After Telstra has defined the input parameters for their policy, they can start implementing their policy as follows:

  1. Add dependencies in the pom.xml file.

  2. Add conditions in the template.xml file.

Add Dependencies in pom.xml File

To transform the custom response with the new status code and payload, Telstra must create an extension. This helps them to avoid developing the boilerplate code to transform the response message:

  1. In the pom.xml, Telstra includes all the dependencies that they need to use.

    In this case, they need only the http-policy-transform-extension, which helps them to easily modify the response information.

  2. In the <dependencies> section of the policy pom.xml file, Telstra includes the following dependencies:

<dependency>
   <groupId>com.mulesoft.anypoint</groupId>
   <artifactId>mule-http-policy-transform-extension</artifactId>
   <version>${httpPolicyTransformVersion}</version>
   <classifier>mule-plugin</classifier>
</dependency>

For more information about how to create your own connector in Java, see Getting Started with the Mule SDK for Java.

Add Conditions in template.xml File

Telstra must now associate the YAML file with the Handlebars. The YAML file, is used to complete the fields in the XML, for example, to create the expressions that will be used, or to add an entire block of code.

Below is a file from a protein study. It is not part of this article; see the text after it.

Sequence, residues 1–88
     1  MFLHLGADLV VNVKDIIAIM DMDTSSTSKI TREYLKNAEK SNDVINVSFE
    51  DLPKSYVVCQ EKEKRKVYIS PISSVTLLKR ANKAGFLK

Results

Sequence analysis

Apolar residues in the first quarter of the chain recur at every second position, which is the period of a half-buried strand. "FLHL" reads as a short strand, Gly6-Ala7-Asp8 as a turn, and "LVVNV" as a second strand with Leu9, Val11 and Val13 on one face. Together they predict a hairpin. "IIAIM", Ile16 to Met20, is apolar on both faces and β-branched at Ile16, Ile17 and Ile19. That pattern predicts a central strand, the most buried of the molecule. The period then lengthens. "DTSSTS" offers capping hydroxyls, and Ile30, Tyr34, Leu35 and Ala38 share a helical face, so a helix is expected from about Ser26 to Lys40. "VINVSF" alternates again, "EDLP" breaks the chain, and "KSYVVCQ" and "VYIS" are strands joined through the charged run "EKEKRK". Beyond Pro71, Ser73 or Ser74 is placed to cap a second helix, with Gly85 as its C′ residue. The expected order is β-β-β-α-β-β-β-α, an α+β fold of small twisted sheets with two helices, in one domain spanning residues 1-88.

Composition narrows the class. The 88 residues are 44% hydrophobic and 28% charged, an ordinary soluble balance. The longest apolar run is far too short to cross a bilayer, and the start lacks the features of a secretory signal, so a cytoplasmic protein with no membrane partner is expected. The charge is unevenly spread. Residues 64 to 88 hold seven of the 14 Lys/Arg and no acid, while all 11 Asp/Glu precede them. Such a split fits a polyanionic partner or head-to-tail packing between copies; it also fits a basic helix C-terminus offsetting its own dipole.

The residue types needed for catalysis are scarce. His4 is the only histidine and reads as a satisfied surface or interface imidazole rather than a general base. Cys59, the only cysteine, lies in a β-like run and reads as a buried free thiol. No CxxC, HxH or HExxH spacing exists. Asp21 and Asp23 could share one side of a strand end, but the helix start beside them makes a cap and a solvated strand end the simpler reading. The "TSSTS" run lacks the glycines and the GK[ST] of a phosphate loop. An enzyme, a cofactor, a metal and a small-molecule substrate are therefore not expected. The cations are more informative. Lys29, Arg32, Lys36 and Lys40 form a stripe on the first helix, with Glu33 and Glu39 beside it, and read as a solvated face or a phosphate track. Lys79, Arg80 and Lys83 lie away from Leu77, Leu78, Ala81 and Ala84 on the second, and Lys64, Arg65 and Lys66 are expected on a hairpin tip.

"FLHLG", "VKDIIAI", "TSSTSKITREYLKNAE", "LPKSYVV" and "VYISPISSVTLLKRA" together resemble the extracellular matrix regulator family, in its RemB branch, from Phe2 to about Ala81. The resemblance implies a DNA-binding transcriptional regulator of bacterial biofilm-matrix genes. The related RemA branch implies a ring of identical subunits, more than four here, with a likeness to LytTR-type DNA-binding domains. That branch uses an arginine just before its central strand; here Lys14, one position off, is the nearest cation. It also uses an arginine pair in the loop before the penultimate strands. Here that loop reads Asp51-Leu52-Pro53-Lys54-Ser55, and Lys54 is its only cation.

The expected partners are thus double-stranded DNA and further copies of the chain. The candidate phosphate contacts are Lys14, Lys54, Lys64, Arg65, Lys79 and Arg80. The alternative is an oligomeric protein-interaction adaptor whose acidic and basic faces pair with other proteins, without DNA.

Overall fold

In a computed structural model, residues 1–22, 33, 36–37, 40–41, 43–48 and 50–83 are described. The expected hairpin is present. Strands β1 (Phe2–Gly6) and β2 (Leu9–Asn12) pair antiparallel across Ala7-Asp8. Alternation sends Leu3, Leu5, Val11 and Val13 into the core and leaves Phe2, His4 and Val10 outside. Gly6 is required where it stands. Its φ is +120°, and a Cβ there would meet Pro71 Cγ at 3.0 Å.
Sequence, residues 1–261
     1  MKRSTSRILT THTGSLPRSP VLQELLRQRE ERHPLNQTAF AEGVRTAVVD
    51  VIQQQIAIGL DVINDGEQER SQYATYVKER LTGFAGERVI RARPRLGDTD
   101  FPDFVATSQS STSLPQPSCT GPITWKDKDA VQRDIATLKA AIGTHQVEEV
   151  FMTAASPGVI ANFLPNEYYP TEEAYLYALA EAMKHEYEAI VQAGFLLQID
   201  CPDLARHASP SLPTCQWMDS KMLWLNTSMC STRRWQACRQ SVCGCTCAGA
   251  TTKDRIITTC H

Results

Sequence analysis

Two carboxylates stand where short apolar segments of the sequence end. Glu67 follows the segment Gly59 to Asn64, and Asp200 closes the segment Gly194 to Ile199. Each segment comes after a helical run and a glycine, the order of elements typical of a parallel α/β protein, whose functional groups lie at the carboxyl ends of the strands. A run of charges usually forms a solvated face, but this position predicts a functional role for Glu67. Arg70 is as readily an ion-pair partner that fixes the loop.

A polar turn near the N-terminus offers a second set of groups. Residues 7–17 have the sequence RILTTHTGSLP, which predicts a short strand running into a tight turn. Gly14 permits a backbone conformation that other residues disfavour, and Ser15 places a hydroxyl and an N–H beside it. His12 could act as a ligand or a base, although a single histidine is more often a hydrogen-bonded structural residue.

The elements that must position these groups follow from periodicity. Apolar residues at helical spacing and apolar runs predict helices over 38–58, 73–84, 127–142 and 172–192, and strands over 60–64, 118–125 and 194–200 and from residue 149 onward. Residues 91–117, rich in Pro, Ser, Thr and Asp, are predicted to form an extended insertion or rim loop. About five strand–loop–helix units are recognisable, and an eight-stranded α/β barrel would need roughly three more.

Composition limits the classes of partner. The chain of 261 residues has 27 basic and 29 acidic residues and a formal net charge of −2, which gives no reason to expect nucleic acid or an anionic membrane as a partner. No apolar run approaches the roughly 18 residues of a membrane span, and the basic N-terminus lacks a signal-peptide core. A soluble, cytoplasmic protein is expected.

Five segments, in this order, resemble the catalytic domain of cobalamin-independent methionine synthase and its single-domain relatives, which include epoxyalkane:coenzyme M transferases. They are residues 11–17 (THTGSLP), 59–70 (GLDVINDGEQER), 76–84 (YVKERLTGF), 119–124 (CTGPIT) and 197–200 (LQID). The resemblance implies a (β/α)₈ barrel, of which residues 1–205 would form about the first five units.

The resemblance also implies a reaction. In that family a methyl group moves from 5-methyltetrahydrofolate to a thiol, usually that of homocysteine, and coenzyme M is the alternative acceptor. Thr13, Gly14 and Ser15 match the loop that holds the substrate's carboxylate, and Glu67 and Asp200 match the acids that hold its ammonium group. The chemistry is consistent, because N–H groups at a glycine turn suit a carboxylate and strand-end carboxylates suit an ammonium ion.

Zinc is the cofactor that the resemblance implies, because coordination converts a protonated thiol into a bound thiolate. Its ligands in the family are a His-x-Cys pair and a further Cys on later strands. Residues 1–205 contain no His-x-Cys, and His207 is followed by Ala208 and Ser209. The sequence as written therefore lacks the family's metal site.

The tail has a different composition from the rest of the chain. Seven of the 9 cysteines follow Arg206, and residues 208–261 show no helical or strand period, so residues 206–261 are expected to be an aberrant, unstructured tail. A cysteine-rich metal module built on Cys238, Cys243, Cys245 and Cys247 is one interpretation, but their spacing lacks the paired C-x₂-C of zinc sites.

In the template.xml file, Telstra must include the following code:

{{#if evaluateInRequest}}
<set-variable variableName="requestConditionMet" value="{{{requestCondition}}}" />
{{/if}}
<http-policy:execute-next/>
{{#if evaluateInResponse}}
<set-variable variableName="responseConditionMet" value="{{{responseCondition}}}" />
{{/if}}

Note that the pieces of code in double braces ({{}}) correspond to Handlebars syntax, which uses a template engine to compose the policy template with the configuration defined in the YAML file. The values used to configure the template must be the keys defined earlier in the YAML configuration file. Both values must match. Misspelling in any of the parameters can generate errors.

In the previous example, the parameters evaluateInRequest and evaluateInResponse define elements that will hold the value of the condition to be evaluated, defined in requestCondition and responseCondition.

For example, when you configure your policy, you want to validate that a particular header is present in the request. However, you do not want to check anything in the response. In this case, your policy configuration looks like this:

custom-response-configuration

When deployed, the template is resolved as displayed in the following code example. Because you did not specify any response condition, the Handlebars do not include it in the resolved template.

<set-variable variableName="requestConditionMet" value="#[attributes.headers['X-MyHeader'] == 'MyValue']" />
<http-policy:execute-next/>

Telstra then completes the logic of their template file with the following code:

<choice>
   {{#if mergeBothConditions}}
   <when expression="#[(vars.requestConditionMet default false) and (vars.responseConditionMet default false)]" >
       {{#if statusCode}}
       <set-variable variableName="statusCode" value="{{statusCode}}" />